The Old Harbor, or Oude Haven, of Rotterdam is the city’s first port, dating back to 1350. Today, the Old Harbor is an entertainment center of Rotterdam, with a unique mix of old and new structures and a collection of terraces and restaurants to enjoy some time to relax in the bustling city.Rotterdam’s Old Harbor is home to a number of old sailing ships that harken back to the heyday of the city as a trading port. Alongside the harbor stands Het Witte Huis (The White House), recognized as the first skyscraper of Europe. Standing 45 meters, the White House was built in 1898, and was not only the first, but also the highest skyscraper in Europe.The ten-story, art nouveau-style building was designed by Dutch architect Willem Molenbroek, and stands on 1,000 piles that keep it from sinking into the soft soil. It is one of the few buildings in Rotterdam to have survived the German bombing campaign of May 14, 1940.The Old Harbor used to be the home of the Plan C business complex, built in 1880. This complex combined shops, offices and homes around central arcades, allowing shoppers to remain dry even during the rain. This complex was, in fact, one of the first shopping malls similar to the malls of today. Unfortunately, most of Plan C was destroyed in the bombing, and only the railing and some underpasses of the complex remain today.Taking its place around the Old Harbor are the restaurants and modern apartments that the Old Harbor is known for today. Chief among these are Rotterdam’s Cube Houses, built in 1984. These houses, designed by Piet Blom, look like giant yellow blocks, tilted on their side and raised up on poles. The cube house complex is known as the Blaakse Bos, or Blaakse Forest, as each of the houses can be seen to look like a tree. One of the cube houses is open to the public, or you can spend the night at the Stayokay hostel, which is located within one of the cubes.The area around the harbor has now been transformed into a center for dining and nightlife in Rotterdam. There are thirteen restaurant and cafes that surround the harbor, along with a CitizenM hotel.More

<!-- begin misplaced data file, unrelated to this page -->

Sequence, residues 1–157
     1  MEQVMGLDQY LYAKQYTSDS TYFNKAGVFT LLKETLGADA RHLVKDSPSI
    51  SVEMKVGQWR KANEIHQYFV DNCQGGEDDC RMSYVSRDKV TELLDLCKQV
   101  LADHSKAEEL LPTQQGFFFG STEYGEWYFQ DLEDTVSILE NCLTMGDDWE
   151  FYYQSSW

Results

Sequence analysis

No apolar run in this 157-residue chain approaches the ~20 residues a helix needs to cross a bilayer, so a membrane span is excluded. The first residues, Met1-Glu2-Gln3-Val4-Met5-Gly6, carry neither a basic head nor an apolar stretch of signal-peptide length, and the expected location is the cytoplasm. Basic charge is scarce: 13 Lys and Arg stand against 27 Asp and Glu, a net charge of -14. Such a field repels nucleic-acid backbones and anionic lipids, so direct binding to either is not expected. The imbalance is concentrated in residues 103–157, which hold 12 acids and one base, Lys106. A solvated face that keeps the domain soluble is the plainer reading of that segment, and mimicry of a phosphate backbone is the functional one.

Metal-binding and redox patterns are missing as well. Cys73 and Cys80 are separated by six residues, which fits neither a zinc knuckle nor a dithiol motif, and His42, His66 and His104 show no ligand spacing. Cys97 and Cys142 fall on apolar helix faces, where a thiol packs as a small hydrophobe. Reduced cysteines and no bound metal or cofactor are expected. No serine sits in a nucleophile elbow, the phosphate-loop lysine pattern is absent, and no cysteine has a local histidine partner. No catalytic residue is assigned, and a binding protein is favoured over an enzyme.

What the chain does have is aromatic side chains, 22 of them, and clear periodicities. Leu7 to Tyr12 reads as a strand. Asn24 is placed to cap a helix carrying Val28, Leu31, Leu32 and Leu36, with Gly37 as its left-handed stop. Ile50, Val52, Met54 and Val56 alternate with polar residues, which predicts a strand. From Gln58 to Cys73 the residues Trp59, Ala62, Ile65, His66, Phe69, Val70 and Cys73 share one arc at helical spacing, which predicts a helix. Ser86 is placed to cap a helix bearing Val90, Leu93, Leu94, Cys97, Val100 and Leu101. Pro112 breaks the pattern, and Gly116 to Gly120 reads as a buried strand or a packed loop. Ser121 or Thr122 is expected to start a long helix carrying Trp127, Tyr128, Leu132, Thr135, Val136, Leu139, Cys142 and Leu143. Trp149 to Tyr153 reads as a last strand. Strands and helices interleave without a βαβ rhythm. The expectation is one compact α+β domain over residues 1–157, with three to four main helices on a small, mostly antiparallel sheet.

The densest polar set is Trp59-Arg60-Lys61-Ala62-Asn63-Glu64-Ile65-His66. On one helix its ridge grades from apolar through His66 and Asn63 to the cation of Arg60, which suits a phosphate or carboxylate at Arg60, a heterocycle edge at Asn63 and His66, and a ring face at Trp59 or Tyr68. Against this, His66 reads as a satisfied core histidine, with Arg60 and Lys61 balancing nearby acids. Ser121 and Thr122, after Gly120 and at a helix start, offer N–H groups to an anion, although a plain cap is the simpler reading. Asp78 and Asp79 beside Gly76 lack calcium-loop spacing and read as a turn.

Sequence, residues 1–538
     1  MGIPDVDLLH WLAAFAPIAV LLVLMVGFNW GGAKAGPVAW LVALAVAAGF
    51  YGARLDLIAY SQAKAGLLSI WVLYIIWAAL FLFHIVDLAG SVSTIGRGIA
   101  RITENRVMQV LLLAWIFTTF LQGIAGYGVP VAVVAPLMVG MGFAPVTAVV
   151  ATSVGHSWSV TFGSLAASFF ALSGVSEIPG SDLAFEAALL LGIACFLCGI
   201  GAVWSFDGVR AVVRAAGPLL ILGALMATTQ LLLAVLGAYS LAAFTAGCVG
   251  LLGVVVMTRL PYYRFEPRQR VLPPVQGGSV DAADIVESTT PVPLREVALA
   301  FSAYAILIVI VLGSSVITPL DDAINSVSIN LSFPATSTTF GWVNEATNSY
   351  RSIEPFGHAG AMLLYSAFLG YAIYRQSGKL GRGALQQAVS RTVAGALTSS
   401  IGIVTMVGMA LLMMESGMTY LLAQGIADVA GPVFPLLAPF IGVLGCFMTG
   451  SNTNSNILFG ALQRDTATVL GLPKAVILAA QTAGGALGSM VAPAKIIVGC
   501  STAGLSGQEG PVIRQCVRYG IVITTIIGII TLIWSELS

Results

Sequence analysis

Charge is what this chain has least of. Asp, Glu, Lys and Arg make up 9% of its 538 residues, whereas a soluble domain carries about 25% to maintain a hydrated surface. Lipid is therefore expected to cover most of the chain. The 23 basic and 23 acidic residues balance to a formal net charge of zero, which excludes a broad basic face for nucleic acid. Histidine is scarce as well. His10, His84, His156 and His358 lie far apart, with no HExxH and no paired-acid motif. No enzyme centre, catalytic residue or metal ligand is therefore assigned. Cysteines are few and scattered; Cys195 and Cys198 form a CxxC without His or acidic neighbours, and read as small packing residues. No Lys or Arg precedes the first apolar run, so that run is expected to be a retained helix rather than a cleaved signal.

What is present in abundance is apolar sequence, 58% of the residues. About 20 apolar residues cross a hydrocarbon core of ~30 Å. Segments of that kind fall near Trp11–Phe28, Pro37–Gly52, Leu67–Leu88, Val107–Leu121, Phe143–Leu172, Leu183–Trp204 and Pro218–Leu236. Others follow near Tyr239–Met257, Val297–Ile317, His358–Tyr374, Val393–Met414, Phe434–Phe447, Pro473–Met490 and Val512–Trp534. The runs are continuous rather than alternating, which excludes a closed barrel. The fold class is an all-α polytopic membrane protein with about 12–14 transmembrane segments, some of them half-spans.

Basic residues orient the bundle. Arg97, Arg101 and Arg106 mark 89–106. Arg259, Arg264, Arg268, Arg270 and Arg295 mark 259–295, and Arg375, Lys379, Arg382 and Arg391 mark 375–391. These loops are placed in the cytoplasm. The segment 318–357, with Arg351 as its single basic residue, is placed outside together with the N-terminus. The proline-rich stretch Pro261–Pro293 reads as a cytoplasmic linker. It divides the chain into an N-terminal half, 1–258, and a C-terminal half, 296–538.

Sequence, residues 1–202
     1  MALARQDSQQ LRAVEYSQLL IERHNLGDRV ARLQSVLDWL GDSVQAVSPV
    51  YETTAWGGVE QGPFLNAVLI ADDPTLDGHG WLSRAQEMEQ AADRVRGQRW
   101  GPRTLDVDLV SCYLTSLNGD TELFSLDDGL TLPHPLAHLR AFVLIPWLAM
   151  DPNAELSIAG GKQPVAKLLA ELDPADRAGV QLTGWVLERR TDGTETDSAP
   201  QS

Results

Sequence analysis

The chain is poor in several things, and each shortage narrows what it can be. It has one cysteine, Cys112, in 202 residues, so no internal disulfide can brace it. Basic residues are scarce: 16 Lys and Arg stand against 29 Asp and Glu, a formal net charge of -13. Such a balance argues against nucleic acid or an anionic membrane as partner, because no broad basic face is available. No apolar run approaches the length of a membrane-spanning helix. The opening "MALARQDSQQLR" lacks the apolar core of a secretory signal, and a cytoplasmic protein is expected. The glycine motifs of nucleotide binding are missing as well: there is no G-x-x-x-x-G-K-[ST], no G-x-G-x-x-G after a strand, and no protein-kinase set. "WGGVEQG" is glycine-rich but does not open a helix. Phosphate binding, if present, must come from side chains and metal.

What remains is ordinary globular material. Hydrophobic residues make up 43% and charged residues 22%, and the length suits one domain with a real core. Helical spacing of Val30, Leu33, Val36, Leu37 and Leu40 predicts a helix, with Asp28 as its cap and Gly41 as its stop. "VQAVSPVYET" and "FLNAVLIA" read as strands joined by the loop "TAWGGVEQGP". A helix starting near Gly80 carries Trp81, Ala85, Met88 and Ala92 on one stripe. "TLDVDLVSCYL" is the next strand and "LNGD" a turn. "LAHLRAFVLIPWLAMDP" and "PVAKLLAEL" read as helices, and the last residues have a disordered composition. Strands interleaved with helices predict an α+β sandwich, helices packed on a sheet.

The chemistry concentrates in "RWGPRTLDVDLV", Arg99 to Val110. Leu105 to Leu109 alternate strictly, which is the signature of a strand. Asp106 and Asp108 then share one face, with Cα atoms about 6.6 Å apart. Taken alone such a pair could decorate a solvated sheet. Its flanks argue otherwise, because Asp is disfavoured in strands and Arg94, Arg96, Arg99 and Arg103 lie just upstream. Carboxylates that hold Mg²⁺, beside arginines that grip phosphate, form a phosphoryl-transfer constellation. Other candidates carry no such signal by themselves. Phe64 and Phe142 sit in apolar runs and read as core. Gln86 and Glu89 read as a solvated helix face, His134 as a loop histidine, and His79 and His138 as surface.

Rotterdam Central Station (Rotterdam Centraal)